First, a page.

David Cameron has been given a fresh warning about his European Union renegotiations after one of the most senior figures in Brussels indicated the Prime Minister's key demand is unacceptable.
The Prime Minister is braced for a showdown with EU counterparts at a crucial summit in Brussels, with opponents lining up against his call for a four-year ban on new arrivals in the UK claiming in-work benefits.
European Commission president Jean-Claude Juncker said a deal for Britain must also be fair to the other 27 members, while European Parliament chief Martin Schulz said MEPs have enormous scepticism about the plan.
"My and my colleagues' doubt is that a four years' delay is acceptable," Mr Schulz said at a Brussels press conference ahead of the talks.
The Prime Minister is under intense domestic pressure to secure substantial concessions for Britain ahead of the referendum on EU membership promised by the end of 2017.
Officials say he will make a "direct" and "constructive" appeal to the other 27 leaders over dinner, insisting they must respond to UK concerns about a lack of control over immigration, the effects of closer eurozone integration, the single market and a lack of competitiveness.
Mr Cameron is again due to raise the idea of the four-year ban - a Conservative Party manifesto pledge at the general election.
But challenged on whether there is any chance of getting the ban, Mr Juncker, the EU's most senior official, indicated they would look at "other options" instead.
He said: "We will enter the concrete and vital phase of negotiations with our British colleagues, the Commission is ready to look for other options to the single one proposed by the British Prime Minister and I am quite convinced that we will find an answer to that highly complicated question."
Mr Juncker told reporters that any concessions offered to the UK must be fair to the wider EU as well.
"We want a fair deal with Britain and this fair deal with Britain has to be a fair deal with the other 27 too, so we are open-minded," he said.
"We are engaging in this dialogue which will be a negotiation with Britain in an open-minded way.
"I don't want the British to leave and I don't want to blame the British - they have their points, we have our points and as reasonable people we will find a way out of the complicated situation we are in."
A number of eastern European states have already indicated they would veto Mr Cameron's plan as discriminatory and breaching the EU principle of free movement of labour.
German Chancellor Angela Merkel also warned she would not allow "discrimination" against migrants.
Addressing the Bundestag, Mrs Merkel described Britain as a "natural ally" and stressed the "enormous importance" of avoiding so-called "Brexit". But she made clear that Berlin is not prepared to give way on all of Mr Cameron's demands.
"We don't want to, and we won't, call into question the core principles of European integration," she said. "These include in particular the principle of free movement and the principle of non-discrimination between European citizens."
Mr Cameron has signalled he is willing to consider other proposals that would help reduce migration. But a senior UK official said although there are "murmurings" of alternatives - such as an "emergency brake" mechanism for when inflows increases sharply - the four-year benefit ban is as yet the only option formally on the table.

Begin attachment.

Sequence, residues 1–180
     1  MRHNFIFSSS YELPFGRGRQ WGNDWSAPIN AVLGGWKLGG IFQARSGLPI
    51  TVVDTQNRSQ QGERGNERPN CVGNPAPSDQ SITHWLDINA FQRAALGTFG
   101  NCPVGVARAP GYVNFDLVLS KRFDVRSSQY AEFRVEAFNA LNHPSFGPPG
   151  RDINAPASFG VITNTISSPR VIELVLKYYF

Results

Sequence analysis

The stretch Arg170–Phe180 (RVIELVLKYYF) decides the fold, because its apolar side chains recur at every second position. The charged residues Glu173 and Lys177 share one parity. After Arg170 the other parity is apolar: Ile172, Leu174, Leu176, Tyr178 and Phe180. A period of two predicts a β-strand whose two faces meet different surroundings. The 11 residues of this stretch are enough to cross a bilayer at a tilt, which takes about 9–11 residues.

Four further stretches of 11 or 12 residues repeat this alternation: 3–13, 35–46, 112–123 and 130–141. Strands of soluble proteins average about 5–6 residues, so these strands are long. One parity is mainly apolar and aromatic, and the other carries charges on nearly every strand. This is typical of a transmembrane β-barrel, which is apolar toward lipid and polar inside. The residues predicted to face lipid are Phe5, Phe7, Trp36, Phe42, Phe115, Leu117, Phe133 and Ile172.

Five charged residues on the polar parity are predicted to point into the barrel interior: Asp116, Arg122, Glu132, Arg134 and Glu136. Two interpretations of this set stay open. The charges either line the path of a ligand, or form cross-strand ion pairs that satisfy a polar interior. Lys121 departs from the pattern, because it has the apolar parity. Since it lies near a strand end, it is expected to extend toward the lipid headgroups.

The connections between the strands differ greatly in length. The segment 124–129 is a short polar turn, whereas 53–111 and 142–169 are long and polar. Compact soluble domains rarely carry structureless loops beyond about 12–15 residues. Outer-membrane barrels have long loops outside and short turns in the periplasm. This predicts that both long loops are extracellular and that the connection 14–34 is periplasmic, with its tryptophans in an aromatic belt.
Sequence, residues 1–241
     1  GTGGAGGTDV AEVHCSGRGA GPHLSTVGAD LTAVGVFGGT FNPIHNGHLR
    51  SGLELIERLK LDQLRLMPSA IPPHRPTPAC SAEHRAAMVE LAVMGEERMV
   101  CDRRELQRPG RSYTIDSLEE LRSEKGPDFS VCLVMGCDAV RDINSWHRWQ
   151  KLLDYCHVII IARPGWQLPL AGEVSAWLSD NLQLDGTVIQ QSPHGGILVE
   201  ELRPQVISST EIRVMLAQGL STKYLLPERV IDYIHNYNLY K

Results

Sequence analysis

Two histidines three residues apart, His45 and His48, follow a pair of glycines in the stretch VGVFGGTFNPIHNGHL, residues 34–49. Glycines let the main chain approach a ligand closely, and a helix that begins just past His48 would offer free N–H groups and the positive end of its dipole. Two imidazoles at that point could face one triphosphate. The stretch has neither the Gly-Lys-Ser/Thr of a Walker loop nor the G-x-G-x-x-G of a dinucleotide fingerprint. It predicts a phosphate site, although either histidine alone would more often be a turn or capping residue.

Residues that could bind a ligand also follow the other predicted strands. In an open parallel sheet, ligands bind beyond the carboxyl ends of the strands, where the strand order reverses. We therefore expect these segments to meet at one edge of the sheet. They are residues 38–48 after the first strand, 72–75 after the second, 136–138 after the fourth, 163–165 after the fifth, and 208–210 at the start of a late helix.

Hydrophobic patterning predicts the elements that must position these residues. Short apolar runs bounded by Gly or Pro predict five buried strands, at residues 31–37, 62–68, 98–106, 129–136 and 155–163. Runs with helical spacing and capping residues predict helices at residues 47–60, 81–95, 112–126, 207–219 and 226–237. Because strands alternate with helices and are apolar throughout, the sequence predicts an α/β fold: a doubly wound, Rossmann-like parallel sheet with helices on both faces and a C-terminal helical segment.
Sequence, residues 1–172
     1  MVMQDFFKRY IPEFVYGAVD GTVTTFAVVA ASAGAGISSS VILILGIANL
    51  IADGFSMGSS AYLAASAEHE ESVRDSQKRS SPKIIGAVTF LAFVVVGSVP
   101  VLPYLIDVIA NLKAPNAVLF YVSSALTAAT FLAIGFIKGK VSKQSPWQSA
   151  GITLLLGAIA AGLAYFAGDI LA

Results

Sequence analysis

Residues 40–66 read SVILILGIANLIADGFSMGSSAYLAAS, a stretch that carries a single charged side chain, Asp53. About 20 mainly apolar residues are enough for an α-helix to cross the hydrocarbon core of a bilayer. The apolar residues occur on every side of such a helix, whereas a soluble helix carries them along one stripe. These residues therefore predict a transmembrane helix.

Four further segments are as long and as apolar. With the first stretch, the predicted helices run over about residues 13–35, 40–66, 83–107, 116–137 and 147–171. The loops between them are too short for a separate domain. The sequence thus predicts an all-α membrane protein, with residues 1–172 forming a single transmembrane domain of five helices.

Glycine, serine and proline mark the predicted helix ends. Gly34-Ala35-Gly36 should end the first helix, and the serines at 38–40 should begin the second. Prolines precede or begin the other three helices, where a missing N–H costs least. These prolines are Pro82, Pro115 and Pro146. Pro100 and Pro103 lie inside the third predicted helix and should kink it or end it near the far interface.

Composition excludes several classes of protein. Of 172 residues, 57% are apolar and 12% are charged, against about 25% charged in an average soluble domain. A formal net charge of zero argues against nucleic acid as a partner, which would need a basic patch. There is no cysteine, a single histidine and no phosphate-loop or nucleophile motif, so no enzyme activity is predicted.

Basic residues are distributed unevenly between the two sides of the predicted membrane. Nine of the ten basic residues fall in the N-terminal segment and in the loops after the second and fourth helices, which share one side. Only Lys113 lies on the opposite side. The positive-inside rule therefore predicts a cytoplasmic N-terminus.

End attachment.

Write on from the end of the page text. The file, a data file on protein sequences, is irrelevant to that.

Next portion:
The leaders are not expected to reach a final deal at this two-day summit, but Mr Cameron and European Council president Donald Tusk are hoping to "pave the way" for an agreement at the next gathering in February.
Former European Council president Herman Van Rompuy suggested Mr Cameron would struggle to secure any changes that require reform of the EU treaties.
"They know there is a risk and they want to keep Britain on board but language or good speech will not do the job; it is about the substance," he told BBC Radio 4's Today.
"We can look for solutions, within certain constraints. If you want to change the treaties then we have a problem."
Mr Van Rompuy said Mrs Merkel is open to compromise but "a lot of creativity" will be required.
"We need now a lot of creativity to tackle the problem posed by Britain but at the same time not crossing those red lines of non-discrimination," he said.
"There are possibilities. I am not entering into details but within the constraints, and given the problem posed by Britain, a compromise is possible. That is also the opinion of the German chancellor."
Ukip leader Nigel Farage told Today: "We really should be discussing a new relationship. However we are not.
"All the big questions - the Foreign Secretary talking about fundamental treaty change, Mr Cameron talking about our ability to control open borders - none of this will even be discussed tonight.
"The only substantive point the Prime Minister has asked for is for us to be able to limit migrant benefits for up to four years, and he is not even going to get that."
Meanwhile, Labour leader Jeremy Corbyn is also in Brussels, attending a meeting of the Party of European Socialists (PES) parliamentary bloc.
He will tell the meeting: "The Prime Minister has botched his negotiations with European leaders. He has tried to bludgeon them into accepting flawed and phoney reforms, which will not address the real problems of the European Union - and failed.
"They have called David Cameron's bluff, and he knows it. Labour backs Britain's continued membership of the EU as the best framework for trade and co-operation in a 21st-century Europe. And we will campaign for Britain to stay when the referendum is finally held.
"But people across Britain and Europe know that the EU needs to change if it's going to work better for the majority of its people, not just its banks and corporations."